A group of senators has reached a tentative agreement on DACA legislation, along with other immigration policy changes. The bipartisan group is currently attempting to build support for the deal in Congress.
Three Democrats and three RINO’s (Republicans in name only–essentially democrats when judged by their voting records and public statements) “have reached an agreement in principle that addresses border security, the diversity visa lottery, chain migration/family reunification and the Dream Act,” they wrote in a statement. “We are now working to build support for that deal in Congress.”
Advocates of the proposal say it extends amnesty to the parents of illegals. Details of the plan were not immediately available and, as anticipated, the proposal was promptly met with resistance.
Senator Jeff Flake went on to tell reporters that with their plan “Dreamers would be able to obtain a three-year provisional legal status that could be renewed. The plan would provide a huge amnesty-like benefit to the foreigners who created the illegal immigration problem.”
It was presented to the White House for President Donald Trump’s consideration before seeking passage in the Senate and House of Representatives.
An anonymous senior Republican congressional aide stated that the White House was briefed on the senators’ proposal and said, “It’s clear it’s a non-starter.”
On Thursday, the Wall Street Journal quoted President Trump as saying. “I‘m not talking amnesty at all.” And in previous talks about DACA, President Trump has repeatedly said there would have to be an agreement involving a border wall and ending chain migration.
Democrats have been working endlessly in hopes of crafting legislation that would prevent approximately 700,000 illegal immigrants brought to the United States as children – known as Dreamers – from being subject to deportation. Trump ended the Obama-era program last year, withdrawing temporary legal status and work permits.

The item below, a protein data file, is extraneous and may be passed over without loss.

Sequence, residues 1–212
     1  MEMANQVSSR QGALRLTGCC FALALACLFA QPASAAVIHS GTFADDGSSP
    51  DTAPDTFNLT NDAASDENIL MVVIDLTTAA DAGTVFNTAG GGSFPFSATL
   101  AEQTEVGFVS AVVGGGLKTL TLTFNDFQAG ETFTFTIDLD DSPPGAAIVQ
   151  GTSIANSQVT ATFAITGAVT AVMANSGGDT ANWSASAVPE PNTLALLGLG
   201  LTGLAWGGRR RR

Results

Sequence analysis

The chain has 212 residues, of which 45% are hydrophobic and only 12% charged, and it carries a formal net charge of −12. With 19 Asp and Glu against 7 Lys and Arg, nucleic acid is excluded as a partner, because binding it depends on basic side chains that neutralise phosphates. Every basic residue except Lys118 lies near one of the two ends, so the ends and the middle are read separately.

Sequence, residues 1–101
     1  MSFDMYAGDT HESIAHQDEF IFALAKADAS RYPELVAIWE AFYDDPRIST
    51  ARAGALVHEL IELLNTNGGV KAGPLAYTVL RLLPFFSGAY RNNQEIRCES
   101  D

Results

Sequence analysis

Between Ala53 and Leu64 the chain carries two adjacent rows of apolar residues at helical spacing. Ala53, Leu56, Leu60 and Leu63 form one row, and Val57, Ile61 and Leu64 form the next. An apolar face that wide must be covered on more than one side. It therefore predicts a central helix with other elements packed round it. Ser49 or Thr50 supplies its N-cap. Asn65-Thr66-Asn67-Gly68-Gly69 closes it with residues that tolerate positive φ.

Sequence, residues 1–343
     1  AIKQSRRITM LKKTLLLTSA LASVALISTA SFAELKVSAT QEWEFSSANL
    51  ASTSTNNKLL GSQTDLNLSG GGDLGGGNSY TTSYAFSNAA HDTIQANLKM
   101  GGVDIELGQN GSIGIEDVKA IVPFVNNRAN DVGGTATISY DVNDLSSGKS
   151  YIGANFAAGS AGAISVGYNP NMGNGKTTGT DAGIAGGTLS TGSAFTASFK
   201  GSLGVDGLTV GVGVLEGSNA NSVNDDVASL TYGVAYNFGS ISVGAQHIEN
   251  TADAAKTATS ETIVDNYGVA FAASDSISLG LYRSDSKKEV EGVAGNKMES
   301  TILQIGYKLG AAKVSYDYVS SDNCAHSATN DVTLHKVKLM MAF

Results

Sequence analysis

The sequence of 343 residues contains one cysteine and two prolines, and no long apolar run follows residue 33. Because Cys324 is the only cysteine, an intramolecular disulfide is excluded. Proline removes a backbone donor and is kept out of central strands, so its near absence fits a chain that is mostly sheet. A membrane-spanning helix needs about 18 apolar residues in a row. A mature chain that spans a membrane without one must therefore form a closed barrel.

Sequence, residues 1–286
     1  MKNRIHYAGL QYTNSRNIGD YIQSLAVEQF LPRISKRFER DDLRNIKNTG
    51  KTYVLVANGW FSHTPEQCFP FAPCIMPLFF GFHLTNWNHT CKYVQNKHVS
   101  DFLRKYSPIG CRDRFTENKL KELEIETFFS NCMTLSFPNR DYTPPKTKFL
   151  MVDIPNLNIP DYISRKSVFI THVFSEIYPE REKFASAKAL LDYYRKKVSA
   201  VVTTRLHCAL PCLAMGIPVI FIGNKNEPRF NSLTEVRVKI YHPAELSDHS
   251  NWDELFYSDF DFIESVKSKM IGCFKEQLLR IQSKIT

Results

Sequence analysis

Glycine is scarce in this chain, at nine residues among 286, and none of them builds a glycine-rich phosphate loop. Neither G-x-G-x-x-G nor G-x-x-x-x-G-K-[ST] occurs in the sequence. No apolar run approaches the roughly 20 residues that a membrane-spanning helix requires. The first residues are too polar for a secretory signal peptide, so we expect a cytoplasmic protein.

Without Congressional action and legislation, the illegals let in by Obama, who are mostly from Mexico and Central American countries, will be subject to deportation beginning in early March.
Senate Democrats are also attempting to get legislation put together by next week so it could possibly be attached to a spending bill that Congress will have to pass to avoid government shutdowns after Jan. 19.
Several controversial provisions have been under discussion on Capitol Hill in recent months.
For example, Democratic Representative Henry Cuellar said that the legislation should include protections from deportation for parents of Dreamers. He said this despite the fact that Obama’s executive order that offered the parents protections was deemed unconstitutional.
Cuellar said he understands that conservatives and Republicans would balk at “amnesty” for the illegal parents. One possible compromise, according to congressional aides, could be to let these parents receive a temporary legal status that could be renewed every three years. But unlike their children, the parents could never be granted citizenship.
That could anger Dreamers and Hispanic groups who have a history of taking to the streets in protest, burning American flags, and condemning American law.
According to congressional aides, a plan to restructure the “diversity” immigrant visa program so that it no longer operates via a lottery system is currently being considered.
The program aims to provide visas to people from countries with low rates of immigration to the United States. It currently distributes up to 50,000 visas a year, but President Trump has recently attacked the visa lottery. It has been proven that it opens up the U.S. to more chain-migration, and at least one terrorist has used this visa program to gain entry to the U.S.
Another pro-illegal immigrant initiative, according to congressional aides, would shore up the Temporary Protection Status program that has been under attack by the Trump administration.
Trump has decided to end the TPS status granted to about 200,000 people from El Salvador following a devastating earthquake in the Central American country. TPS grants legal status to immigrants, granting them the ability to legally take a job from an American.
A border security provision does not provide the funds for the border wall. It allows money to go to put up a patchy wall that would still allow the illegal cockroaches to crawl into the U.S. at the expense of the American taxpayer.
Congress and Trump also want to put the brakes on “chain migration,” which opens the door for immediate relatives of legal immigrants to come to the United States. The bill did not address how chain migration would be limited.
President Trump should listen to the American people on this subject, instead of Congress. No amnesty, no DACA, no chain migration, and Americans are practically screaming for the government to “build the wall.”
Americans are tired of being victimized by illegals flooding our borders just so Democrats can have a voter base. Without a border wall included in the negotiations, Republicans should dismiss this bill and any future attempts to grant amnesty to illegals.